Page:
The Medical Director of Radiology at Swedish Medical Center says a staff member witnessed the apparent theft of a potent narcotic drug by a surgical technician on January 22.
“The staff member followed Swedish protocol,” said Dr. Matthew Fleishman, “which includes, first and foremost, protecting the patient to prevent harm, removal of the suspected employee immediately from any patient care area and then notifying a supervisor.”
Fleishman said that started a process that led to the immediate suspension and, ultimately, to the termination of that employee.
Police identified the surgical tech as Rocky Allen.
According to the Order of Summary Suspension, Allen allegedly removed a labeled fentanyl syringe from the top of the Anesthesia Pyxis work space and replaced it with another labeled syringe. He later submitted to a urinalysis which was positive for fentanyl and marijuana.
“The alleged criminal actions of one former employee don’t characterize the thousands of outstanding Swedish people,” Fleishman said. “I want to make that clear.”
He said the hospital, State Health Department and Englewood Police are investigating the theft.
“Regrettably, this former employee’s actions may have exposed some of our patients to blood born infections,” Fleishman said, “including Hepatitis B, Hepatitis C and HIV.”
“I want to emphasize,” he added, “and this is very important, we know of only a single instance of drug diversion, on January 22. There was no exposure infection related to that.”
When asked if it’s possible that there were other diversions, the doctor replied, “We have identified one instance of a drug diversion.”
Allen’s roommate answered the door and told Denver7 that the former tech wasn’t home Thursday afternoon, and likely wouldn’t be granting any interviews. When told that many patients have questions about Allen’s health, the roommate replied, “I understand.”
Swedish and the State Health Department are recommending that all patients who underwent surgery in the Swedish Medical Center main operating room between August 17, 2015 and January 22, 2016 and at the Swedish Orthopedic Center on October 28 or December 17, 2015 be tested for Hepatitis B, Hepatitis C and HIV. That’s the time frame when Allen worked at the hospital.
“I am personally and the whole Swedish community are devastated by this,” Dr. Fleishman said. “We’re working really hard to help these patients.”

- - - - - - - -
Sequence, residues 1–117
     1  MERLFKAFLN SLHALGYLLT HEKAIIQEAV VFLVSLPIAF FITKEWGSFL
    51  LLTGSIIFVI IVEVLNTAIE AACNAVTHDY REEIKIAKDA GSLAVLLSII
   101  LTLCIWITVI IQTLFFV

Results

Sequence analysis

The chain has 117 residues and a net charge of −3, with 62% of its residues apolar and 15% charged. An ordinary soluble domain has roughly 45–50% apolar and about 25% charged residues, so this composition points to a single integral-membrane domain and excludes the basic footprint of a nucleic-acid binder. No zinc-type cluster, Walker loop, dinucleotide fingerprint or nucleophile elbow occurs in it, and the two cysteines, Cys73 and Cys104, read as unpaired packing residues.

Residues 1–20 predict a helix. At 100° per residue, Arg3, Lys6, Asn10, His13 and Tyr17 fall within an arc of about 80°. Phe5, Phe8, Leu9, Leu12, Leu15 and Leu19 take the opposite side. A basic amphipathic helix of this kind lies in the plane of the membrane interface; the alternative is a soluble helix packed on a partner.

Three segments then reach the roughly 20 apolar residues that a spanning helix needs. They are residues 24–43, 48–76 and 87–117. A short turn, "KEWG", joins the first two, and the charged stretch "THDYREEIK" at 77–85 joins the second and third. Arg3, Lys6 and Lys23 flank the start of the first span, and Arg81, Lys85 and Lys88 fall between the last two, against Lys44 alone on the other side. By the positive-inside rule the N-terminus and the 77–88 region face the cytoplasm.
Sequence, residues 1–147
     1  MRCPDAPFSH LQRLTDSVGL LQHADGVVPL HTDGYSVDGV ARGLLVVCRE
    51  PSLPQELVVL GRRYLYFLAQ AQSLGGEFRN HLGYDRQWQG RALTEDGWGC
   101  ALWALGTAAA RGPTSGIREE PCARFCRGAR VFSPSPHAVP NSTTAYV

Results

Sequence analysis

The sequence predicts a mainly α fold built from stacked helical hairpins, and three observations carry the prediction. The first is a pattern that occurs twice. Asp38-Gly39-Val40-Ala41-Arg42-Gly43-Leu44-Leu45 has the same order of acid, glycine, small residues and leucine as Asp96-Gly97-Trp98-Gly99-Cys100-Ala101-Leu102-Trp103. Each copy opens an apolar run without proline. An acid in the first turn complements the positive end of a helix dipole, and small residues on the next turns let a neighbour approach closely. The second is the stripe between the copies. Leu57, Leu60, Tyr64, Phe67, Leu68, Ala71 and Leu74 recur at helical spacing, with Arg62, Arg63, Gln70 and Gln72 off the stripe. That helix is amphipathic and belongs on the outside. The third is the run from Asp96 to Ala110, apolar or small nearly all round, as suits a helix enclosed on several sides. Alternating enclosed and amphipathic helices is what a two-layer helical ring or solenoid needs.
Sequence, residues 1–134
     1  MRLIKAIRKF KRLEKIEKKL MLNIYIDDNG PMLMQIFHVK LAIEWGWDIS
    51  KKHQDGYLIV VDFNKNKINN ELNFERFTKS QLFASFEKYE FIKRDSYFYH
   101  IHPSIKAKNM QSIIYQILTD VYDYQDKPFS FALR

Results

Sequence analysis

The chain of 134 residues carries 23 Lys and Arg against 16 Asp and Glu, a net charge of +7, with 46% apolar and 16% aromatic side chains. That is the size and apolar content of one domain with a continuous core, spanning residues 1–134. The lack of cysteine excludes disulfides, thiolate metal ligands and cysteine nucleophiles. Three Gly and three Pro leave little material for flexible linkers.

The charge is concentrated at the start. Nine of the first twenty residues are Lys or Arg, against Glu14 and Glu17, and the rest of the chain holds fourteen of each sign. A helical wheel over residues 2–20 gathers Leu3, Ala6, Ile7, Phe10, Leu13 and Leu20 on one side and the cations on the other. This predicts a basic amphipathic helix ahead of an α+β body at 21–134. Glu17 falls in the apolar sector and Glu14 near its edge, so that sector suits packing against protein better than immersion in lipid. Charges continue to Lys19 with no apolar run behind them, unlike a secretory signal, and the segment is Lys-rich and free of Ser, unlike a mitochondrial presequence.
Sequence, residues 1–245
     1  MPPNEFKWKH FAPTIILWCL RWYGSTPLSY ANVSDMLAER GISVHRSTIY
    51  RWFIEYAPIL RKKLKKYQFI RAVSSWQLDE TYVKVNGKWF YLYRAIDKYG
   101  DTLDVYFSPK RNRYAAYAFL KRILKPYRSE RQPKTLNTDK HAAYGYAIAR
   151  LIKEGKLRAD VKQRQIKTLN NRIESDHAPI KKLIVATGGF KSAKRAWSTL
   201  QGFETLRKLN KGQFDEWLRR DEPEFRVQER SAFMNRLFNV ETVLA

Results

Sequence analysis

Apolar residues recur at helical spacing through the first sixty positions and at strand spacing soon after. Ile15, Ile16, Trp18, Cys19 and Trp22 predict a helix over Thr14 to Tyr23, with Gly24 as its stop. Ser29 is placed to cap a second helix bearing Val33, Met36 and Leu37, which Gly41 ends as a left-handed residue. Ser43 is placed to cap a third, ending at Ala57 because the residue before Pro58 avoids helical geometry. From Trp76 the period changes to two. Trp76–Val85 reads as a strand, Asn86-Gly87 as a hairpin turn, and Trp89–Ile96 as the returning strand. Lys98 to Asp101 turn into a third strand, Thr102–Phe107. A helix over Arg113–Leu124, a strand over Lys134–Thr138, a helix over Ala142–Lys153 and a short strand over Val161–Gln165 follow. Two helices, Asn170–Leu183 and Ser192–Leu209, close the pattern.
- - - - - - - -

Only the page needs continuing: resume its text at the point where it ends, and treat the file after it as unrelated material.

Jasmyn Brommer, who had surgery November 10, was among the patients worrying about whether she’d been exposed.
“It’s been nerve-wracking, she said.”
Late Thursday, Brommer received a phone call from the hospital and learned that because her surgery was performed in the Ob-Gyn area of the hospital, not the main surgical area, she was not impacted.
“A big weight lifted off my shoulders,” she said.
Late Thursday night, hospital officials said they’ve already made contact with 1545 of the 2900 patients who had surgery during that time frame. 234 have been tested.
Fleishman said those figures include patients who were operated on even during Allen’s days off.
“We’re casting a very wide net,” he said.
When asked what happens if any of the patients who get tested show signs of one of the blood borne infections, Fleishman replied, “For all these infections, there are effective treatments and those treatments are getting better all the time.”
He also said that blood borne infections are often asymptomatic.
“It’s very possible that by testing nearly 3000 patients, we’re going to discover infections that were unknown and that were unrelated to care at Swedish,” he said. “Our key focus is to test people and if they have positive tests, to get them treatment.”
When asked what steps the hospital takes to keep employees from stealing narcotic medication, Fleishman said, “We have a culture that fosters vigilance, reporting and empowers employees to take action to protect their patients. That’s exactly what happened on January 22.”
The doctor added they have a learning system at Swedish and “are constantly enhancing the security and safety measures around medication.”
He said they learned from an incident at another hospital (Rose Medical Center) in 2009.
“This incident is different,” he said, “It’s about the brazen theft of drugs and in contrast to the other event that you mentioned, we have no indication of patient exposure or infection here.”
In the Rose incident, 18 people contracted Hepatitis C after surgical technician Kristen Parker stole several syringes of fentanyl and replaced them with other “used” syringes. She was sentenced to 30 years in prison.
In the Swedish case, Fleishman says patients can receive testing free of charge at a LabCorp of their choice by making an appointment at www.labcorp.com or by calling1-888-LAB-CORP. Patients should bring the letter they receive from Swedish Medical Center to their appointment.